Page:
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While we were in the Main Concourse,

a school group arrived

and began a performance

of Abraham Lincoln’s Gettysburg Address.

(President’s Day was only a few days away).

Afterwards, the teacher invited the crowd

to ask questions of his students.

These students knew a lot about Lincoln.

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But we couldn’t hang around,

there was so much more of Grand Central Terminal

that we hadn’t seen.

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As well as a full food court,

there is plenty of shopping.

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They even have a market.

Imagine finishing work,

walking to the train station,

grabbing some fresh ingredients for dinner,

and jumping on your train home.

That’s convenience!

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Check out this chandelier that hangs in the market.

It’s called the Sirshasana

and holds 5000 crystals pendants.

The sculpture represents an olive tree

(the crystals are the olives)

and appears to be ‘growing’ out of the ceiling.

Looking up at it though,

you feel like you are the one who is upside down

looking down at the top of the tree.

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I’m telling you,

everywhere you look in this terminal

there is something beautiful to behold.

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The marble staircases are modelled after

the staircase in the Paris Opera House.

Such beauty in a train station.

You won’t see anything like it in ours.

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Did you know that time zones in the US

began with the railroads?

They suggested it to Congress

but Congress wasn’t interested,

so the railroads went ahead

and created their own time zones.

Further down the track,

Congress got on board with the idea.

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Grand Central was also the first ‘stairless’ station.

I’ve never given a whole lot of thought to ramps

but I suppose if you are dragging luggage to your train,

you won’t want to lug it up or down stairs.

(Someone should have mention this clever idea to the subway stations.)

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But the coolest feature of Grand Central Terminal

was the Whispering Gallery.

That’s it down at the bottom of the ramp.

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Whispering Gallery just looks like an area under four archways,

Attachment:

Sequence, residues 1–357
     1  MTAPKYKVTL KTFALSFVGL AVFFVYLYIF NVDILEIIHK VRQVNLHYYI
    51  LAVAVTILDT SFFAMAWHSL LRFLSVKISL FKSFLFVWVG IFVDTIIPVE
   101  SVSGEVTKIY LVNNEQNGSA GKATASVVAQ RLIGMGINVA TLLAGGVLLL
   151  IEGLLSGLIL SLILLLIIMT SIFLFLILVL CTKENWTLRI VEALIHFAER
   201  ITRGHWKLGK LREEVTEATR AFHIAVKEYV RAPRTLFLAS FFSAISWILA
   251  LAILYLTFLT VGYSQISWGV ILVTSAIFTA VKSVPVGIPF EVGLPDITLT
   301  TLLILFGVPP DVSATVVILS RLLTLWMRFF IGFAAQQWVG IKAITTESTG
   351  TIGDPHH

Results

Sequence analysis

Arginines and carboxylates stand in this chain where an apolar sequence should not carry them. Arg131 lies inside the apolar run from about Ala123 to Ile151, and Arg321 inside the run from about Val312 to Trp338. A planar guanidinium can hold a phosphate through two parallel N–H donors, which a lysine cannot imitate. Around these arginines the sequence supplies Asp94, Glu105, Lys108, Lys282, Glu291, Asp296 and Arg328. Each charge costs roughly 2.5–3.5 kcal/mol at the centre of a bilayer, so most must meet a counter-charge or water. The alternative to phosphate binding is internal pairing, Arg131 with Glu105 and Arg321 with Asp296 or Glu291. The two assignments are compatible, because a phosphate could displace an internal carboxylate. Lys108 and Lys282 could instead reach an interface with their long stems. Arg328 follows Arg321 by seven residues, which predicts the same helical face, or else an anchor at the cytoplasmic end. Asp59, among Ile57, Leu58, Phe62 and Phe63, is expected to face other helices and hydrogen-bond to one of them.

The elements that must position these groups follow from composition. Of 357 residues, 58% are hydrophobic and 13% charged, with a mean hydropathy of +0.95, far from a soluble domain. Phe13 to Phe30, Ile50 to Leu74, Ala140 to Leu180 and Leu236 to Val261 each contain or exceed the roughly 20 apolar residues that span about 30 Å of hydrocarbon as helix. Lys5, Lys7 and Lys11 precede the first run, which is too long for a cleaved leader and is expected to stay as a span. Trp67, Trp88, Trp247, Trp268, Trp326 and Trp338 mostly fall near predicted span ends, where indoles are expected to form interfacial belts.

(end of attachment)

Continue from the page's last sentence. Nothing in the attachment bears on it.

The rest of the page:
but as its name suggests,

it’s much more.

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Two people stand in opposite corners,

which are about ten metres apart,

and face the wall.

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Then you whisper into the wall

and the person on the other side of the room,

despite the noise around you,

can hear you as plain as day.

It’s awesome but weird.

Apparently it’s a popular place for marriage proposals.

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Who’d have thought a train station could be so interesting.

We expected to only spend a few minutes

having a quick look around

but we were there for ages

and could have happily stayed for longer.

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Gosh how lucky are the New York commuters

who get to pass through this station every day.

It’s just beautiful.

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Posted by on March 26, 2016 in Family Events, Field Trips, Geography, US Holidays


2 responses to “Grand Central Terminal

  1. Petra

    March 26, 2016 at 2:13 am

    How fascinating. Didn’t much like the tree chandelier but liked the 4-sided clock and all the marble! I would’ve enjoyed the whispering area too!

  2. Sarah

    March 26, 2016 at 2:48 am

    Regarding the accents, after three weeks in the US I was tired of pronouncing “water” 10 different ways until I was understood. They also didn’t understand when we asked “do you sell icecream?” and thought we wanted the “restroom” so we had to resort to sign language, LOL. Ds, who was 10 at the time, said (fairly loudly): “they don’t even understand the word icecream!”